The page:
The Fugitive remake

The Fugitive, the popular 1960s TV series about a wrongfully accused man who goes on the run to prove his innocence as a dogged government agent tracks him down, has already been adapted into an acclaimed 1993 movie and a largely-forgotten TV series that aired in the year 2000. But the central premise is so exciting that another remake was bound to come around sooner or later.

Quibi, the upcoming mobile-only platform which will deliver of short pieces of content (or “quick bites”), is next up with a new Fugitive remake, and they’ve cast Boyd Holbrook (Logan, The Predator) as the innocent man and Kiefer Sutherland (24, Designated Survivor) as the detective tasked with finding him. Read on to learn how the plot will be updated for the modern era.

I seem to have misplaced the synopsis for this new version of The Fugitive, so what I want out of each and every one of you is a hard-target search of every gas station, residence, warehouse, farmhouse, henhouse, outhouse, and doghouse in this area. Actually, scratch that – here it is:

When a bomb rips through the Los Angeles subway train he’s riding on, blue-collar Mike Ferro (Holbrook) just wants to make sure his wife, Allison, and 10-year-old daughter, Pearl, are safe. But the faulty evidence on the ground and “tweet-now, confirm-later” journalism paint a nightmarish picture: it looks to all the world that Mike was responsible for the heinous act. Wrongfully—and very publicly—accused, Mike must prove his innocence by uncovering the real perpetrator, before the legendary cop (Sutherland) heading the investigation can apprehend him.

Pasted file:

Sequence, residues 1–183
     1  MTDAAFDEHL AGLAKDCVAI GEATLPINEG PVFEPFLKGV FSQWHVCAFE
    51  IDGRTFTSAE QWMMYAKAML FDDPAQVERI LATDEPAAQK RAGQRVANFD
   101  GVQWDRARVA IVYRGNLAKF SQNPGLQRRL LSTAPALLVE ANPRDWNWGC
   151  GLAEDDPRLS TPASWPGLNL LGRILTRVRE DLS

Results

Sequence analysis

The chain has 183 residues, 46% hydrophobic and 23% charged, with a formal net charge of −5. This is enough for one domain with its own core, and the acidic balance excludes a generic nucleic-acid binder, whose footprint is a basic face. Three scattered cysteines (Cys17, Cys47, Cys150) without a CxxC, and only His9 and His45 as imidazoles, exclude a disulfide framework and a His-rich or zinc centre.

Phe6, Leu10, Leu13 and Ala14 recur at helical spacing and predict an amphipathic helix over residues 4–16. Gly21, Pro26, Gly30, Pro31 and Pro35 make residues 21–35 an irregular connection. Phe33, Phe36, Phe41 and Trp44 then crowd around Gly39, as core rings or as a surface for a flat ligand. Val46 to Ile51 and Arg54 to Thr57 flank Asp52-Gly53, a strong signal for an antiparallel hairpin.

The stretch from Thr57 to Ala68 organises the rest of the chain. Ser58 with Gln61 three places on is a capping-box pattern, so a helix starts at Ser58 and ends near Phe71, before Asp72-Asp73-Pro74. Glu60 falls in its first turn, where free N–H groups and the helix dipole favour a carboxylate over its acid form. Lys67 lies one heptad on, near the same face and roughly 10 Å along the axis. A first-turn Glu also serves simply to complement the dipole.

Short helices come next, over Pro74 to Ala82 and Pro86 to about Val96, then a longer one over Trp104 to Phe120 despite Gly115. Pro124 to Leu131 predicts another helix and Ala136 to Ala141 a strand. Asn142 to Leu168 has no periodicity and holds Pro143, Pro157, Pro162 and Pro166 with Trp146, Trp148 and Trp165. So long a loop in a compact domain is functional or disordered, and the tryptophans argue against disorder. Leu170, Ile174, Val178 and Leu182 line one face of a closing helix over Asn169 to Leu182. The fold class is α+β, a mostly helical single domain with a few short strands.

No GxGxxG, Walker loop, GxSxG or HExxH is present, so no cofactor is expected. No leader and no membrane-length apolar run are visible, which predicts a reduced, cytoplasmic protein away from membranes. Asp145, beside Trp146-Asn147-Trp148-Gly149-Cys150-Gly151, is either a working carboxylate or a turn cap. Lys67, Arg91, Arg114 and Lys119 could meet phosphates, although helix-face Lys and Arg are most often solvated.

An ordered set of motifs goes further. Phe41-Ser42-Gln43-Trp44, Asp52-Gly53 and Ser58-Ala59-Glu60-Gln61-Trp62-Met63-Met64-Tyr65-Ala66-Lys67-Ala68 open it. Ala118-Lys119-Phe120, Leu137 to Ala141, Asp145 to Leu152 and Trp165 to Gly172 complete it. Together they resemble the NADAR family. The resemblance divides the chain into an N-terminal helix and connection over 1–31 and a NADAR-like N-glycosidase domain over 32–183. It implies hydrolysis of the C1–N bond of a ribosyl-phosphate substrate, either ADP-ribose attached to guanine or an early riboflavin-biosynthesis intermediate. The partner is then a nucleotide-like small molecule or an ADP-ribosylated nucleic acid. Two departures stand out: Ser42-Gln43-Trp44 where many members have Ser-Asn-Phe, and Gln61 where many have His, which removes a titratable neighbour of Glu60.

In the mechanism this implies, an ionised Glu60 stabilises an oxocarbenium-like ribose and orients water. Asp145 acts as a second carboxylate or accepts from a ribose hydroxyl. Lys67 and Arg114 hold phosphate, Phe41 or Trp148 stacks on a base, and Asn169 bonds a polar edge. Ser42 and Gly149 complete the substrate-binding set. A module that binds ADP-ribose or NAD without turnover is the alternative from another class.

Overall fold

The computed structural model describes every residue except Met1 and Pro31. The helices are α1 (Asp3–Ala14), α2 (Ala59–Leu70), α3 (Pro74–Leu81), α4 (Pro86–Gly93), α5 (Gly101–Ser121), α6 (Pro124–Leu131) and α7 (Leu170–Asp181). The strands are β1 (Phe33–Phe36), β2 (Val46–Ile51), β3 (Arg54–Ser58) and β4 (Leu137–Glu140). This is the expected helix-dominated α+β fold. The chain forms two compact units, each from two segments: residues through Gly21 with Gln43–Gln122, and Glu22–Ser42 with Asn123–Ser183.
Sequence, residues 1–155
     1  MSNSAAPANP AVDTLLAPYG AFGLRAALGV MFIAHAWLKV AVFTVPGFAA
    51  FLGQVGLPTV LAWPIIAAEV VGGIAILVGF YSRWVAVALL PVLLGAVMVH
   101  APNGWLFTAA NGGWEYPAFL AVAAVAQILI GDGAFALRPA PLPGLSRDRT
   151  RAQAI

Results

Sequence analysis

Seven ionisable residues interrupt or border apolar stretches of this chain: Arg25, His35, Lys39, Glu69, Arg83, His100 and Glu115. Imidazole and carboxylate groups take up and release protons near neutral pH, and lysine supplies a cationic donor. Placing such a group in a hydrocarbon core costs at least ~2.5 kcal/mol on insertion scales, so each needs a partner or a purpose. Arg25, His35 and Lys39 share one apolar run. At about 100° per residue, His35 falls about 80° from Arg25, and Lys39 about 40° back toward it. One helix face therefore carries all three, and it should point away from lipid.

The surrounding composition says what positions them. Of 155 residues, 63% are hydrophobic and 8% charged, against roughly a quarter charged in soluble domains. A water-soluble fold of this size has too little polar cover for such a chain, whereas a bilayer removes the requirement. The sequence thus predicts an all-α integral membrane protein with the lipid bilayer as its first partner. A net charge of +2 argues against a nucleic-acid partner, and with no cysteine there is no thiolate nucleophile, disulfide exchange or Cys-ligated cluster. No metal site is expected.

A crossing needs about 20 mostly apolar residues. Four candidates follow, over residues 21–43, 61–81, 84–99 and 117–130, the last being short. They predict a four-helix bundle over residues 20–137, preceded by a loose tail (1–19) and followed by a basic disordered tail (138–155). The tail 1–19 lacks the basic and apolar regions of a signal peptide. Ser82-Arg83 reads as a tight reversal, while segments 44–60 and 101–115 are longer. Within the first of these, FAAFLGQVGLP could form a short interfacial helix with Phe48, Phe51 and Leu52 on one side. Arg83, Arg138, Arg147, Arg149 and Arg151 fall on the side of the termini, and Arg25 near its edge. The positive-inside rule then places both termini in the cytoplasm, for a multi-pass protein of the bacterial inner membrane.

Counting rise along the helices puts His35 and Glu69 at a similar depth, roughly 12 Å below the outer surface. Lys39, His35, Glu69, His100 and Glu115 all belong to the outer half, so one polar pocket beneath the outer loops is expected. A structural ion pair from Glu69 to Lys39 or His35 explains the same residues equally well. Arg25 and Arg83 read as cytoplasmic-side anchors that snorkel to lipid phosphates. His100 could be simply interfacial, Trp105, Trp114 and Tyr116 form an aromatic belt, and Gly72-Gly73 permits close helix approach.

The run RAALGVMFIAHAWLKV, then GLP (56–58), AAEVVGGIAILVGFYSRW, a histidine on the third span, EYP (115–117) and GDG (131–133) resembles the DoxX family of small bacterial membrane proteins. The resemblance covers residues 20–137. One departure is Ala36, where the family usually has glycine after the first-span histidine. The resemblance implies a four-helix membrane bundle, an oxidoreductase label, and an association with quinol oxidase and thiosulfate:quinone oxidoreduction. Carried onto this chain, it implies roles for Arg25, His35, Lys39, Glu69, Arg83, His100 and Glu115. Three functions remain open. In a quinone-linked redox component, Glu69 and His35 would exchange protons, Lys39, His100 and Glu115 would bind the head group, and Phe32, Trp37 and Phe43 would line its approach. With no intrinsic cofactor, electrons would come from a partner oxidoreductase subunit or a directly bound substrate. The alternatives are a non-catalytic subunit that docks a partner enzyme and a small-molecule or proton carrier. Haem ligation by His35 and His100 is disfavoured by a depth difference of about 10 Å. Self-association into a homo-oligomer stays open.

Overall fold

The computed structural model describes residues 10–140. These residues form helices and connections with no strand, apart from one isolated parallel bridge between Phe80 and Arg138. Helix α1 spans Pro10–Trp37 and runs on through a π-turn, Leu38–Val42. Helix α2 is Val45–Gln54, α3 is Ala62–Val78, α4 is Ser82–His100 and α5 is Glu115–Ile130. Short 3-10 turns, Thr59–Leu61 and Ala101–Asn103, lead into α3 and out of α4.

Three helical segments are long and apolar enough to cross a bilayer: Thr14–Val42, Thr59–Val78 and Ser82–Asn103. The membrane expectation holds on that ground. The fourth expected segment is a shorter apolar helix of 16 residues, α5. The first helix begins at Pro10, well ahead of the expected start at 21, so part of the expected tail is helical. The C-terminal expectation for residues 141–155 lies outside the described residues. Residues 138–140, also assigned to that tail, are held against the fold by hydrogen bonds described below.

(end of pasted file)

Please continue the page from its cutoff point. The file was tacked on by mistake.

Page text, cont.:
Sutherland is playing Detective Clay Bryce, who seems to be modeled on the U.S. Marshal played by Tommy Lee Jones in the film. I can already picture the ending of the first season: Holbrook proves his innocence, and in a post-credits scene, a shaded figure walks into Sutherland’s office and throws a file on his desk, saying he needs help tracking a new fugitive. He steps into the light, and it’s Tommy Lee Jones, reprising his Oscar-winning role as Sam Gerard. The crowd goes wild.

Or would they? Quibi is targeting a younger demographic, and even though The Fugitive has gotten plenty of airtime on cable over the past twenty-five years, it’s probably a smarter move to just build their own completely separate story with this version of the show.

Stephen Hopkins, who worked with Sutherland on the real-time cop drama 24, will direct the project and serve as an executive producer. Nick Santora (The Sopranos, Prison Break, Breakout Kings) is writing. The show doesn’t have a specific release date yet, but the Quibi platform launches on April 6, 2020. Here’s the trailer for the ’93 movie:

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